Admiral Mullen’s allegations about Pakistani support for Islamist insurgents has caused tensions with Islamabad. The Obama administration is now cautiously distancing itself from the criticism made by Mullen.
Pakistani officials were outraged last week when Admiral Mike Mullen, the outgoing chairman of the Joint Chiefs of Staff, told Congress that the Pakistani military’s spy agency were backing the Haqqani Network, an Islamist grouping which allegedly masterminded the attack on the US Embassy in Afghanistan in September.
These were the most serious allegations levied at Pakistan since the beginning of the Afghan war. They carried special weight because they came from Mullen, who is considered to be one of the Pakistani military’s closest allies in the US administration.
Bad cop Mullen
Mullen described the Haqqani Network as an arm of Pakistan’s intelligence agency, ISI. He said, that the ISI provided the Haqqani Network with funding, logistical support and a safe haven. Faced with Pakistan’s vehement denials, the White House, Pentagon and State Department carefully refused to endorse Mullen’s comments on Wednesday.
When asked by National Public Radio on Wednesday whether he would change anything he said last week, Mullen replied,”Not a word. I phrased it the way I wanted it to be phrased.”
Good cop Clinton
Secretary of State Hillary Clinton told reporters on Wednesday that,”I have no argument with anyone who says this is a very difficult and complex relationship because it is.” She went on to say that she believes strongly that both the US and Pakistan have to work together despite the difficulties.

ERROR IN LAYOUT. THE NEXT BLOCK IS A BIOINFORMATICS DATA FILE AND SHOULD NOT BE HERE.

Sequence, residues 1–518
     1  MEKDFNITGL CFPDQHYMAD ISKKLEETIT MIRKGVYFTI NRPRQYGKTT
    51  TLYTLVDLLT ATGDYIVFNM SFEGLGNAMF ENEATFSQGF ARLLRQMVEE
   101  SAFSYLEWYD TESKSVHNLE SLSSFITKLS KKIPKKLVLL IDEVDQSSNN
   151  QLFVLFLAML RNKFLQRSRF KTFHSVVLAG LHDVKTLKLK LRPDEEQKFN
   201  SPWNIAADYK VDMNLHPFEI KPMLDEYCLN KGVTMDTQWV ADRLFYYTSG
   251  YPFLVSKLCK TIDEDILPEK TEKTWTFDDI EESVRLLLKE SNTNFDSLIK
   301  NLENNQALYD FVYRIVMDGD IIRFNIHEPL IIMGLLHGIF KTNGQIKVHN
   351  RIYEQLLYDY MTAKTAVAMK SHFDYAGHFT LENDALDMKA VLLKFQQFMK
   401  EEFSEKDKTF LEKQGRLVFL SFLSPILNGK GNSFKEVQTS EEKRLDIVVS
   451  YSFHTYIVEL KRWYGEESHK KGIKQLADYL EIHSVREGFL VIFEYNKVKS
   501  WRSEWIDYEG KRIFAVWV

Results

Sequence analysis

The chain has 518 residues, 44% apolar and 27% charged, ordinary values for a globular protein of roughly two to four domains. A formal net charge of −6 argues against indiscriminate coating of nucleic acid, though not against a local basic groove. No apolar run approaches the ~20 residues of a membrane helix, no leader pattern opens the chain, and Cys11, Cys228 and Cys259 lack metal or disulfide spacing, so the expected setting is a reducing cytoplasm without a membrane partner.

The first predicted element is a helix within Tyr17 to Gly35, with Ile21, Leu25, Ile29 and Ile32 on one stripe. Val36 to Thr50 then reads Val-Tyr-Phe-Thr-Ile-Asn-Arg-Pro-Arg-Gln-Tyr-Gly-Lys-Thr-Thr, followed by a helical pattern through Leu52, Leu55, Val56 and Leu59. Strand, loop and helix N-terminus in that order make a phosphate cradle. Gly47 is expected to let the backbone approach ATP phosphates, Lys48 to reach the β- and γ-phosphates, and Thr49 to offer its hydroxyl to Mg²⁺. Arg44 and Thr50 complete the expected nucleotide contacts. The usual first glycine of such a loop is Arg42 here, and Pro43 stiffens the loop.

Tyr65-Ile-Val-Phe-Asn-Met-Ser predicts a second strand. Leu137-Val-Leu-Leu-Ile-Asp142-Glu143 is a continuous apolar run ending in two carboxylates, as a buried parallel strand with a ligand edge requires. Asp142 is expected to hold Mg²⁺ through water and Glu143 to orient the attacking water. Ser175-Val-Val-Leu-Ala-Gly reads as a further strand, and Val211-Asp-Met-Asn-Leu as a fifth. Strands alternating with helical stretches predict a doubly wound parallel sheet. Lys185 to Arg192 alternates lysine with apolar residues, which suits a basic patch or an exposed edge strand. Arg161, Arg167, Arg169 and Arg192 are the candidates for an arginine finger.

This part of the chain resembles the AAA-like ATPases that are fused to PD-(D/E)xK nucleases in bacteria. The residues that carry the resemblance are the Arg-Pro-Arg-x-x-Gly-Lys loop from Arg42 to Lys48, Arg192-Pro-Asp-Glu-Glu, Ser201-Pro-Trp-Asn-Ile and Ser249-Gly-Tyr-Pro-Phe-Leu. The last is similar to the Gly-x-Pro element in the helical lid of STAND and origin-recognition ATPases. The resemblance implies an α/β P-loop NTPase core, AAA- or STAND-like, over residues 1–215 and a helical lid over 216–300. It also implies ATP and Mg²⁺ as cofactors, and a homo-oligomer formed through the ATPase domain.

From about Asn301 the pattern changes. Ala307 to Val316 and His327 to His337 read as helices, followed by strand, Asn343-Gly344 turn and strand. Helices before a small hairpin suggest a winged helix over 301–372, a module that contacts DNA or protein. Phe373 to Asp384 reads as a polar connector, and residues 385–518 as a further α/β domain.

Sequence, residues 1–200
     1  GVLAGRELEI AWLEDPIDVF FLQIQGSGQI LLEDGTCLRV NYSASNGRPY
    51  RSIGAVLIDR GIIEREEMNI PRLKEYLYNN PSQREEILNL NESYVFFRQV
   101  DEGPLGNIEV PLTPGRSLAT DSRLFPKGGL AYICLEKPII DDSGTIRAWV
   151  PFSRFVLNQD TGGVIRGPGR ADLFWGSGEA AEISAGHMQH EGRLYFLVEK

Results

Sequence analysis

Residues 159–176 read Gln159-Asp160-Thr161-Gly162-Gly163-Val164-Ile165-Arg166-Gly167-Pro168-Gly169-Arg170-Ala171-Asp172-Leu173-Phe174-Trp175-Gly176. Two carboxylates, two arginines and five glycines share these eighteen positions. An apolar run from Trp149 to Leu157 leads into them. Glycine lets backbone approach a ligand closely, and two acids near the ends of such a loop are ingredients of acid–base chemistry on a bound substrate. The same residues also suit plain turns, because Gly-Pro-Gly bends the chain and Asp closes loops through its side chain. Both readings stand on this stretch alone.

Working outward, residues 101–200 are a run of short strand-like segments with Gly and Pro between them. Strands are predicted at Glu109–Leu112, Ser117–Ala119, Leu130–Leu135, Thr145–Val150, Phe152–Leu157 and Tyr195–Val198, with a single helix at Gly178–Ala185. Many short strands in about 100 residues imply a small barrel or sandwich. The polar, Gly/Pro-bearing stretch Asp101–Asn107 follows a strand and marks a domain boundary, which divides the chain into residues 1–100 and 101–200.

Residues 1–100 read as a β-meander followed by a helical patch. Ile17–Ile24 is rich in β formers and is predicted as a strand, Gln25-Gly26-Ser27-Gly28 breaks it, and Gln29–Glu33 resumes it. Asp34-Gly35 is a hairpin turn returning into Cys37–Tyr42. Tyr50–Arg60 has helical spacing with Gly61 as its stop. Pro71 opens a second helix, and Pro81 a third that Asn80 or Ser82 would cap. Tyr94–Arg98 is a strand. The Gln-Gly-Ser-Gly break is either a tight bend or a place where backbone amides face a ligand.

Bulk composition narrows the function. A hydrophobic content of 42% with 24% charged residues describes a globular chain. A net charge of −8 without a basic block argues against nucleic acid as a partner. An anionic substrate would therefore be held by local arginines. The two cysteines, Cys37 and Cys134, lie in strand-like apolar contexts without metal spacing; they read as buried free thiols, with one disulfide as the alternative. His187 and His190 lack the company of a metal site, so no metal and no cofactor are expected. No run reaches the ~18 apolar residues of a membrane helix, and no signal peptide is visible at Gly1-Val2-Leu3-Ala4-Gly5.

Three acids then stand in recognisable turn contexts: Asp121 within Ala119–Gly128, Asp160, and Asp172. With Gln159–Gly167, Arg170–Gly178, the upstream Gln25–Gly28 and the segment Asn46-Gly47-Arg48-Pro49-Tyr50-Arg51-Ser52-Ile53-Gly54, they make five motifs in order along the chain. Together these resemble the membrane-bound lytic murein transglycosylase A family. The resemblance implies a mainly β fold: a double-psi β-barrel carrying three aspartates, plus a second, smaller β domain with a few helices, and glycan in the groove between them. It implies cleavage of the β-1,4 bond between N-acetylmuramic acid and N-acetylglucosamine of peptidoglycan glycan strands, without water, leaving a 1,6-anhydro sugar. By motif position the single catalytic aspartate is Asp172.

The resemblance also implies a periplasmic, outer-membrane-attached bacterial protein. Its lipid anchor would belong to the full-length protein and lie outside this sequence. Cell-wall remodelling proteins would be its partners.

Pakistani Prime Minister Yousuf Reza Gilani indicated on Thursday that his government was committed to work with the US but he made it clear that no military action against the Haqqani Network was on the cards. Gilani told political and military leaders meeting to formulate a response to Mullen’s allegations that,”Pakistan cannot be pressured to do more.”
As Associated Press reports, Daniel Markey, a Pakistan expert at the Council on Foreign Relations in Washington, said Mullen’s comments seems to reflect internal disagreements over how to deal with Pakistan’s alleged links to the Haqqani Network.
Shuja Nawaz, the director of the South Asia Center at the US based Atlantic Council, said he was worried about who was taking the lead on Pakistan in the Obama administration, given the paucity of experts on the country.
Pakistan has refused to target the Haqqani Network’s sanctuary in North Waziristan, saying its troops are stretched too thin by operations in other parts of the tribal region. Many analysts believe, however, that Islamabad doesn’t want to threaten its historical links with the group because it could be a useful ally in Afghanistan after foreign forces withdraw.
Markey said the Pakistanis are clearly upset by Mullen’s statements,”but they would not do anything constructive about it, so we will end up in a worse relationship with no positive benefits on the counterterrorism or counterinsurgency side.”